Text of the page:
The opinion of the court was delivered by: WORTENDYKE
In this action, seeking both money damages and equitable relief, the plaintiff, a resident of the State of Texas, invokes the jurisdiction of this Court by reason of his diverse citizenship from that of the twelve defendants, and the alleged involvement of the jurisdictional minimum required under 28 U.S.C. § 1332(a)(1). The defendants are Hydro-Space Technology, Inc. (hereinafter Hydro-Space), its former president, Imperial '400' National, Inc. (hereinafter Imperial), Imperial's affiliate Four Hundred Construction Company (hereinafter Four Hundred), six former directors of Hydro-Space, the Lithium Corporation of America, Inc. (hereinafter Lithium) and its president, who also had been chairman of the board of Hydro-Space. The voluminous but unverified complaint is in three counts; the allegations of the preceding count or counts having been incorporated by reference in each succeeding count. All of the counts seek damages from the defendants, collectively, in the sum of one million dollars. In the first count, in addition to monetary damages, the plaintiff seeks various forms of equitable relief.
The first count of the complaint, in summary, makes the following allegations. Plaintiff is and was the holder of 4,000 shares of the common stock of Hydro-Space. Plaintiff bought his shares in July of 1961, at a time when defendant Lithium owned more than 50% Of the Hydro-Space stock, and instituted a suit against Hydro-Space and Lithium (infra) in the Chancery Division of the Superior Court of New Jersey in 1962. After the dismissal of that action in December, 1962, Lithium sold its controlling interest in Hydro-Space to Four Hundred at the price (allegedly inflated) of $ 1.15 a share, payable in installments over two years. Imperial, which controlled Four Hundred, then installed its own directors of Hydro-Space (six of the individual defendants) who disposed of some of its assets, and thereafter, in 1963, directed the corporation to sell, with stockholder approval, all of its remaining assets to Imperial (which controlled Four Hundred, the majority shareholder), in exchange for shares of Imperial, which were then distributed to stockholders of Hydro-Space in exchange for their stock. (Hydro-Space was then dissolved in May, 1963.) Plaintiff claims that he, as a minority stockholder, was damaged by the foregoing conduct, which he alleged constituted a 'fraud, conspiracy and cheat' in the following respects: (1) the sale of the 4,000 shares to plaintiff by Lithium was effected by means of misrepresentations, non-disclosure of facts and fraud (all unspecified) in a prospectus dated July 19, 1961; (2) Hydro-Space was managed for the sole benefit of Lithium, its majority stockholder, in that Lithium's losses were assumed by Hydro-Space and its officers and directors had conflicting interests and favored Lithium in managing Hydro-Space, all in violation of the fiduciary duty to minority stockholders; and (3) in the prior litigation in the New Jersey courts, two of the individual defendants (the presidents of Lithium and of Hydro-Space) presented affidavits to the court, that Hydro-Space was in satisfactory condition, which were false and perjurious in that, during the pendency of the New Jersey action, all of the defendants (including the affiants) were engaged in a conspiracy to siphon off the valuable assets of Hydro-Space for their own benefit by curtailing the operation of Hydro-Space and thereafter misrepresenting to its shareholders that it would be in Hydro-Space's best interests to sell its assets to Imperial, and the New Jersey courts relied on those affidavits and dismissed plaintiffs' action, at which time defendants proceeded with and completed their alleged conspiracy by having Hydro-Space sell its assets to Imperial in exchange for Imperial stock 'having only a speculative, contingent and uncertain value' which was then distributed to stockholders of Hydro-Space.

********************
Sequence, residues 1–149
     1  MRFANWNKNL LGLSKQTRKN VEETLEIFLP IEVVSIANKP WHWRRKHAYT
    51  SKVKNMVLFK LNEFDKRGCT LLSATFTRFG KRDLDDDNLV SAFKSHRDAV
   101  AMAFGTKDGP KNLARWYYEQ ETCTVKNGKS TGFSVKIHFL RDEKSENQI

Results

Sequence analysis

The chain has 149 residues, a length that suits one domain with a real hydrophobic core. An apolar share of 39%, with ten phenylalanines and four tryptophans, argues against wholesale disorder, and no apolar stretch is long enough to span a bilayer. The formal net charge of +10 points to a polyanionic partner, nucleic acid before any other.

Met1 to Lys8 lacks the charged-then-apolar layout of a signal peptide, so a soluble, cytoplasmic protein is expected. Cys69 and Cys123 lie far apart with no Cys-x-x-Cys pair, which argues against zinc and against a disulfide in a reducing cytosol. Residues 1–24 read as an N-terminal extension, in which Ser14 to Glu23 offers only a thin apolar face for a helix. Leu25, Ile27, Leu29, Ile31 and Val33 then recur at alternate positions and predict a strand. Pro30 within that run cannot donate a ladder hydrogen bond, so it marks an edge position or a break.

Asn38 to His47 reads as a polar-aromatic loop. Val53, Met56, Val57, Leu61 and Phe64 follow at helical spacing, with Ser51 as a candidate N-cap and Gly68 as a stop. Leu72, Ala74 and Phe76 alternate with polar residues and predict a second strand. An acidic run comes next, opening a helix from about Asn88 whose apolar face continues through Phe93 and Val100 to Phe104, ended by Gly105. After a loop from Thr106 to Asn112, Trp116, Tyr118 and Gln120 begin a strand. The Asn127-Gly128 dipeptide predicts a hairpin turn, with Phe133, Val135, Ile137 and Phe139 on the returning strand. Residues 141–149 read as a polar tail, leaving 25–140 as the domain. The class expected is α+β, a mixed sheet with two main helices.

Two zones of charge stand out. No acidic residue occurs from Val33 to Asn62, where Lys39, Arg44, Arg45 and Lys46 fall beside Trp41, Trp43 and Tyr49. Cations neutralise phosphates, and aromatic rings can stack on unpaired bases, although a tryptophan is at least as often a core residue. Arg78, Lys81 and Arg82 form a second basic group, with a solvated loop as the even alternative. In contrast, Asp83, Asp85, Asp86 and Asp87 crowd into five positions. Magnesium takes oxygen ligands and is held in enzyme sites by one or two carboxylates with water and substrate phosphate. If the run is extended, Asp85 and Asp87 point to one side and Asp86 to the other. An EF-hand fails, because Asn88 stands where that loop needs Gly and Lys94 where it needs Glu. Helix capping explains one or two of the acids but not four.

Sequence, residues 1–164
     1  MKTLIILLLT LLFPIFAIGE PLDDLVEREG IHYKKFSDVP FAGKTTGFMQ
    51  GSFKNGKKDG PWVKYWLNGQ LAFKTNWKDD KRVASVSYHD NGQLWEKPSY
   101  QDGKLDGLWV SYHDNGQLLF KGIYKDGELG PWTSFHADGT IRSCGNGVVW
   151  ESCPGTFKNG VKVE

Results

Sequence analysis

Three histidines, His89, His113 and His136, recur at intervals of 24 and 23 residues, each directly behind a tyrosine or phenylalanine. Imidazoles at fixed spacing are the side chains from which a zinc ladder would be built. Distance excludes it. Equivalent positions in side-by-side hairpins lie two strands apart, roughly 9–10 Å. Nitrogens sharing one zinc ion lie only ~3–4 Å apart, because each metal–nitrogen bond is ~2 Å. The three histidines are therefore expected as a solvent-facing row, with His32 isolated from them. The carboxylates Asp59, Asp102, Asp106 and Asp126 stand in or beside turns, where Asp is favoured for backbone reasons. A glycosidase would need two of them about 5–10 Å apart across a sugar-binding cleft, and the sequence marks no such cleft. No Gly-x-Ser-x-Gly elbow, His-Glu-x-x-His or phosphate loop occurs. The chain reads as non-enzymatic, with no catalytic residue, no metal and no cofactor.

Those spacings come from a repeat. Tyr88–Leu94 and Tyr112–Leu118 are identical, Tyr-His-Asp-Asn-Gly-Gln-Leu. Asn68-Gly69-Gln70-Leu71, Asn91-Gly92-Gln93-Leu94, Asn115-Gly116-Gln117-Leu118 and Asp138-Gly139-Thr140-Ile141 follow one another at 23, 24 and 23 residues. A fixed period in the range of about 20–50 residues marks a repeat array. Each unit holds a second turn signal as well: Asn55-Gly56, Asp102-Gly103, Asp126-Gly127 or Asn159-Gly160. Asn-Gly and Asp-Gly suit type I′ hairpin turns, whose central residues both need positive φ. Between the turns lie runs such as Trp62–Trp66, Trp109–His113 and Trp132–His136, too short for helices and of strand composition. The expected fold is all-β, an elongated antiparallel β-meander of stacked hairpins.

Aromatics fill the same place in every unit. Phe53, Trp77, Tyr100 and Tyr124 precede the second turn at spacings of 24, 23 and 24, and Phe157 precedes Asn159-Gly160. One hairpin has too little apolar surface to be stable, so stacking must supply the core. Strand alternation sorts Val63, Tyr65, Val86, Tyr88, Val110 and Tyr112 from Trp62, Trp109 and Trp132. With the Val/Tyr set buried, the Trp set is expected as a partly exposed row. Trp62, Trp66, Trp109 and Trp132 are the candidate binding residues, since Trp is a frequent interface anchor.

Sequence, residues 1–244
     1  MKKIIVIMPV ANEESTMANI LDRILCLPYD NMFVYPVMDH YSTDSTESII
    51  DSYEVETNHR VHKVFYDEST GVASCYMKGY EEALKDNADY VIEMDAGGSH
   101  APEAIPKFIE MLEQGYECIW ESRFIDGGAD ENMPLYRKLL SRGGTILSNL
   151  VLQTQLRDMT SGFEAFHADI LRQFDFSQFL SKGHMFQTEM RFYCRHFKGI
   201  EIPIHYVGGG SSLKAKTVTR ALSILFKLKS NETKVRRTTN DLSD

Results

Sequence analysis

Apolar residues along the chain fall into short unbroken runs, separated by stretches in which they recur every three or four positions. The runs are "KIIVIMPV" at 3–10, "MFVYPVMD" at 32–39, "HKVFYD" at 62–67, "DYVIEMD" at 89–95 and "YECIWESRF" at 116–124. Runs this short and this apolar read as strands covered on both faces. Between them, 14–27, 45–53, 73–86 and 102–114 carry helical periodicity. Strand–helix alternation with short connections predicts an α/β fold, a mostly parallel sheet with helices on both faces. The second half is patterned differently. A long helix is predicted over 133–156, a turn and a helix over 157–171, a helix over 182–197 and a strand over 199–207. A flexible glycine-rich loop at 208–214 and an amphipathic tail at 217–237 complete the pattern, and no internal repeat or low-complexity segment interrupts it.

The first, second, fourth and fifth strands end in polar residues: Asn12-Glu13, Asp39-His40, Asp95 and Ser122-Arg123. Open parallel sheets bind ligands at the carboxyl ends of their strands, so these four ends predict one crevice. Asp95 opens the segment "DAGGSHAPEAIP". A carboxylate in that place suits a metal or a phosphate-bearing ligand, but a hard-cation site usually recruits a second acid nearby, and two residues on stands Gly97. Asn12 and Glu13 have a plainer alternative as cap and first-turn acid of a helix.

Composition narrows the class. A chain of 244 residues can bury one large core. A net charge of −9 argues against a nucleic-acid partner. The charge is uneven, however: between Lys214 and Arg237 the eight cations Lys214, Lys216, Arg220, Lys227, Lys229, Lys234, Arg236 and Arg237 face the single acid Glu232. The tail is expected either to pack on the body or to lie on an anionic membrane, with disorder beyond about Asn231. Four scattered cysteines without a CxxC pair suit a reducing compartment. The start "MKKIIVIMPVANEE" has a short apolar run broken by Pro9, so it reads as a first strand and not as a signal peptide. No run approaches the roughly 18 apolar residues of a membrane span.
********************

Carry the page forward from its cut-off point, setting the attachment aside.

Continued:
Incorporating by reference the allegations of the first count, the second count charges that the defendants, by means of the conduct complained of, offered and sold securities in violation of 15 § U.S.C. 77a et seq., and used the mails and other instrumentalities of interstate communication in consummating a conspiracy to sell such securities in violation of 15 U.S.C. § 77q.
The third count incorporates the allegations of the two preceding counts by reference, and charges that the acts and omissions of the defendants constituted wilful, intentional, malicious and deliberate fraud, for which punitive damages are sought.